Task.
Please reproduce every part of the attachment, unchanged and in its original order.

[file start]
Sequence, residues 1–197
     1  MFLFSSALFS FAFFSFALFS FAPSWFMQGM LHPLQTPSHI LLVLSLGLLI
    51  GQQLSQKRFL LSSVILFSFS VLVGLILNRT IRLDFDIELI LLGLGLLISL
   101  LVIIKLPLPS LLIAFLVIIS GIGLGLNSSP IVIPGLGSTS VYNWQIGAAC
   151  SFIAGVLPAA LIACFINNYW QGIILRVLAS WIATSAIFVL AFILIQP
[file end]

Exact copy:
Sequence, residues 1–197
     1  MFLFSSALFS FAFFSFALFS FAPSWFMQGM LHPLQTPSHI LLVLSLGLLI
    51  GQQLSQKRFL LSSVILFSFS VLVGLILNRT IRLDFDIELI LLGLGLLISL
   101  LVIIKLPLPS LLIAFLVIIS GIGLGLNSSP IVIPGLGSTS VYNWQIGAAC
   151  SFIAGVLPAA LIACFINNYW QGIILRVLAS WIATSAIFVL AFILIQP